which there is a copy penes D. and C.

2 These documents were exhibited at a meeting of the Cambridge Antiquarian
Society in 1890 by the Editor, and a full account of the story read to the members.

106 (goff Qto* XV.

Looking back on the period during which Alan occupied the position
of Prior of Ely, we may notice certain events which are not touched upon
in his Rolls, but which are elsewhere recorded.

In the year 1345, two actions were brought against Prior Alan in the
Bishop of Ely's high court of justice by Pylgrym of Wycham, who in one
cause claimed certain lands in Wycham, and in the second cause lands in
Sutton, which he declared had been wrongfully granted to the Prior and
Convent of Ely by members of his family, while he himself claimed to be
the rightful owner. In both cases Pylgrym was adjudged to have made a
false claim 1 .

Nevertheless we can imagine that a charge of that character, brought
forward in the Bishop's (Simon de Montacute) court, would be most
distressing to the Prior, and the necessity for defending the action suggests
how needful it would be for a religious house, receiving frequent eleemo-
sinary gifts of lands, to preserve with extreme carefulness all deeds and
papers by which their titles were secured.

About this time also, in July 1346, by a parchment preserved in the
Muniment Room of the D. and C, we learn that Prior Alan had to pay
for himself and his steward the sum of ^200 to the Abbot of Ramsey, on
account of various transgressions of his men ; perhaps the sequence of the
quarrels in Prior Crauden's time, related on page 71 s .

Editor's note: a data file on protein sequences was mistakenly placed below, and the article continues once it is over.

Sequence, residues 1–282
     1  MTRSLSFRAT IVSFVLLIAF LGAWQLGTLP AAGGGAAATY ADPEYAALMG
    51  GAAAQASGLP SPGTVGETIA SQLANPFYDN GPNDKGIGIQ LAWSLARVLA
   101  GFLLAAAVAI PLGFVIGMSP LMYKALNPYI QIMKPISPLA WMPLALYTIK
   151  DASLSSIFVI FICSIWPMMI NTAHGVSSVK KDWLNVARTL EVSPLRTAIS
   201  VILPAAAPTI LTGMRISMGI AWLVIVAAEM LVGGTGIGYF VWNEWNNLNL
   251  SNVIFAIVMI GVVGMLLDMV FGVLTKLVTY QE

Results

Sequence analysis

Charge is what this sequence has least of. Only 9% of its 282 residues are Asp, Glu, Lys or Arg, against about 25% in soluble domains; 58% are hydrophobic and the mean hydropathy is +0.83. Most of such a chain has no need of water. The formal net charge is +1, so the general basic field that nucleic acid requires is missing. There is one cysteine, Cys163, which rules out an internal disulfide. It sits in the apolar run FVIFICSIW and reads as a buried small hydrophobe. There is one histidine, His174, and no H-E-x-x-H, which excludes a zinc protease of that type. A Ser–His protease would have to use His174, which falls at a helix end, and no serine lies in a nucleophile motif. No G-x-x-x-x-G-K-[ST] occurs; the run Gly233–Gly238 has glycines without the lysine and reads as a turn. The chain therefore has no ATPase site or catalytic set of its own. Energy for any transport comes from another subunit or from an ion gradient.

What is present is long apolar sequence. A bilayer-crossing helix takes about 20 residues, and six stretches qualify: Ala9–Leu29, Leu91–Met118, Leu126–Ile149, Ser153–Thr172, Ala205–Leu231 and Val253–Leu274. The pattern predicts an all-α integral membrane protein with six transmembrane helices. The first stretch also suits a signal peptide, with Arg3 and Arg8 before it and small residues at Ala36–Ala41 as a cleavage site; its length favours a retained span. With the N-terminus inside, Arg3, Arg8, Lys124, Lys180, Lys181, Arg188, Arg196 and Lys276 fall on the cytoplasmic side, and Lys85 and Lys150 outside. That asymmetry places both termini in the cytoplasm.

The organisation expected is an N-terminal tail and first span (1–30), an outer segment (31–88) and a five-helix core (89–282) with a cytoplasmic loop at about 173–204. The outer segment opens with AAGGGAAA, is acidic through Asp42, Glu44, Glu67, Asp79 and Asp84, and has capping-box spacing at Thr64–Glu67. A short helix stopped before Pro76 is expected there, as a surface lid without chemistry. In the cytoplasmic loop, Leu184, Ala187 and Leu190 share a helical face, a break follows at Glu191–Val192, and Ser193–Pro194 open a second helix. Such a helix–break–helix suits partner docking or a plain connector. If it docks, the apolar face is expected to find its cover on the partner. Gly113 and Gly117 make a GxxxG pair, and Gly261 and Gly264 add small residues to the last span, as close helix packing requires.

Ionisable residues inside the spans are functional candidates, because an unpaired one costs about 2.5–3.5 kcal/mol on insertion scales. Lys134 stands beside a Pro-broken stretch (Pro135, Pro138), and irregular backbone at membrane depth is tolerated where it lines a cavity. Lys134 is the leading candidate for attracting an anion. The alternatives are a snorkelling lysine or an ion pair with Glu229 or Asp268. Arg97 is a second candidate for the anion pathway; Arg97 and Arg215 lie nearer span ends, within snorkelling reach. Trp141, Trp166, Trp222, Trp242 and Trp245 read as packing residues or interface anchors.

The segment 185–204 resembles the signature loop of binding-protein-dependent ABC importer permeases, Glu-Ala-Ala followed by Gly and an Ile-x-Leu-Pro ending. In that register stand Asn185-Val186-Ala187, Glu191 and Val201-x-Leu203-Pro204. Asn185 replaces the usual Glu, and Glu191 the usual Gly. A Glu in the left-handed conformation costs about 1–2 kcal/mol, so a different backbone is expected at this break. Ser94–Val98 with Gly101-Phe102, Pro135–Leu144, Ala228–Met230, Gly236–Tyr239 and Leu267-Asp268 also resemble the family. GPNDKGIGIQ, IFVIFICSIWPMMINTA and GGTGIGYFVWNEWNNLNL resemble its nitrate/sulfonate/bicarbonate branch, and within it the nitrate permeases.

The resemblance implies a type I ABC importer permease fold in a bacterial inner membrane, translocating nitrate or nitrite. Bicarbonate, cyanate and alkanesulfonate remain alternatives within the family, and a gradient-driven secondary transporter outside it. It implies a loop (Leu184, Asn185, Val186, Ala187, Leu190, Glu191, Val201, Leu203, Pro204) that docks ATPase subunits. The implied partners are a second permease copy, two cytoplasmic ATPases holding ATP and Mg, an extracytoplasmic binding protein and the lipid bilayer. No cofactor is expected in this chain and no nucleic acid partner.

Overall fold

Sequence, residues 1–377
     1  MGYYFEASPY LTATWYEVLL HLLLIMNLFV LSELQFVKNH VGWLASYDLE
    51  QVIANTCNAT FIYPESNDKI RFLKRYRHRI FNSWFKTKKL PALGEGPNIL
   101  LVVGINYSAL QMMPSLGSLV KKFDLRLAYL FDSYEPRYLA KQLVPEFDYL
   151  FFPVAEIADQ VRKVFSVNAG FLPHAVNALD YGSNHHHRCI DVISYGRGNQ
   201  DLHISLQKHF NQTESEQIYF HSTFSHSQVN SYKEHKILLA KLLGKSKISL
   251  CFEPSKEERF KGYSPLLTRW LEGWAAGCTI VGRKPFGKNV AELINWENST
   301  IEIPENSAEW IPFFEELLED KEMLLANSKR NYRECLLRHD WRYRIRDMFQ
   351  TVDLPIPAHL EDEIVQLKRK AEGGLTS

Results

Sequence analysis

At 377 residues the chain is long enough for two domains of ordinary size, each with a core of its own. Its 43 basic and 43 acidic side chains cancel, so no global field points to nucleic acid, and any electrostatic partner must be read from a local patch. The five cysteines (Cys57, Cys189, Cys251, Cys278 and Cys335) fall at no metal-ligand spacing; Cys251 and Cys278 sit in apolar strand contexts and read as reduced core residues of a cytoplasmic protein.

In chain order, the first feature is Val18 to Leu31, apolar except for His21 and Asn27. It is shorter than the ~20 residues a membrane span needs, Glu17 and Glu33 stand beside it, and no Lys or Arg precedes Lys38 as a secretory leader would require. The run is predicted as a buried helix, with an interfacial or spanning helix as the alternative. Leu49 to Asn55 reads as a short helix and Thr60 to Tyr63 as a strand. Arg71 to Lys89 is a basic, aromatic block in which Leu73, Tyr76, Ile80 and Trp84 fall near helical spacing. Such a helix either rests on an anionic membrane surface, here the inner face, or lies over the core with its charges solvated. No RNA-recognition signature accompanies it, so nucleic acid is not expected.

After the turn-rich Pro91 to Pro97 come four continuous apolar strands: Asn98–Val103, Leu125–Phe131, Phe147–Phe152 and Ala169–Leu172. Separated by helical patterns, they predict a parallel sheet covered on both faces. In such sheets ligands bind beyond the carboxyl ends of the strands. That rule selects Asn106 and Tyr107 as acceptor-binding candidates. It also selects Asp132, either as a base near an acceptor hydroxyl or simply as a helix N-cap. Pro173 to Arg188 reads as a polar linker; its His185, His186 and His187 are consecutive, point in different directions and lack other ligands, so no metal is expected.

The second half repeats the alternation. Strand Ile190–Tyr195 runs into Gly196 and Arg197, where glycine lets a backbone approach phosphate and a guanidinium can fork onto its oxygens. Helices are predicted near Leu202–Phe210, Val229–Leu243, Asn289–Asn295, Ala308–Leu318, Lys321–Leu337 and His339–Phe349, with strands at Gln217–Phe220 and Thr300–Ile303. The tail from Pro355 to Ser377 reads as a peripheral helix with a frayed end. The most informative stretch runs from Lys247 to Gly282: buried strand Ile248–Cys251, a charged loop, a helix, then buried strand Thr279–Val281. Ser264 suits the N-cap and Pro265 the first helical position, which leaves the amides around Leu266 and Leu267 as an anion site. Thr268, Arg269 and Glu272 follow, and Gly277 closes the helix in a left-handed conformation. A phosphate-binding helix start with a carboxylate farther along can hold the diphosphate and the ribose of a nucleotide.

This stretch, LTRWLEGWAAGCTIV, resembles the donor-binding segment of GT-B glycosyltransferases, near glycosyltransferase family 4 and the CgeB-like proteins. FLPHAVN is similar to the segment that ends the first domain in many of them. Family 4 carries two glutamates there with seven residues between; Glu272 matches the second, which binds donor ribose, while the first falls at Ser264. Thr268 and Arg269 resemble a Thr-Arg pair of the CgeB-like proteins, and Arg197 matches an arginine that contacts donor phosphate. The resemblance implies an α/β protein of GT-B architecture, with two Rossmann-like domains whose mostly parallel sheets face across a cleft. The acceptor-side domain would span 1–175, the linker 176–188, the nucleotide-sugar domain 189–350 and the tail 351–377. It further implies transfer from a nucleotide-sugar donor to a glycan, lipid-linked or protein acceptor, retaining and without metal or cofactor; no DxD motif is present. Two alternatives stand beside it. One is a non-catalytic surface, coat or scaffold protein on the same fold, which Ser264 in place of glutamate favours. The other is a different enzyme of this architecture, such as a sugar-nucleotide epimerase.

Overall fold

A third legal action was brought against Prior Alan before the judges
of King's Bench, three weeks after Easter in that same year. The accusa-
tion was that Prior Alan had taken away a horse belonging to Thomas de
Scalariis, from lands in Waddon, and had unjustly detained it. It would
appear, however, that the horse had been removed to secure payment of
some bushels of corn and barley and oats which were due from de
Scalariis, as a service for certain lands held by him under the Prior and
Convent ; the tenure was so ancient that Domesday book was produced in
court, with the result that de Scalariis acknowledged his indebtedness and
only fell back upon a question of the size of the measure with which the
grain was to be measured ; finally a deed was drawn up declaring that
Sir Thomas de Scalariis, with the Prior and a large number of witnesses,
had gone into the granary of the Convent within the circuit of the

1 Bp Ely Reg., Liber M.

2 " Pateat universis nos Abbatem de Rameseye recepisse de Alano de Walsingham,
Priore ecclie Cathed. Elyensis, et Simone de Brunne ducentas libras sterlingorum in
quibus idem Prior et Simon in solidum per scriptum suum nobis tenebantur pro
diversis transgressionibus per homines et tenentes ipsius Prioris nobis in Ramseye
factis de quibus vero ducentis libris fatemur nos esse pacatos et ipsos Priorem et
Simonem successores heredes et executores suos quietos fore per presentes sigillo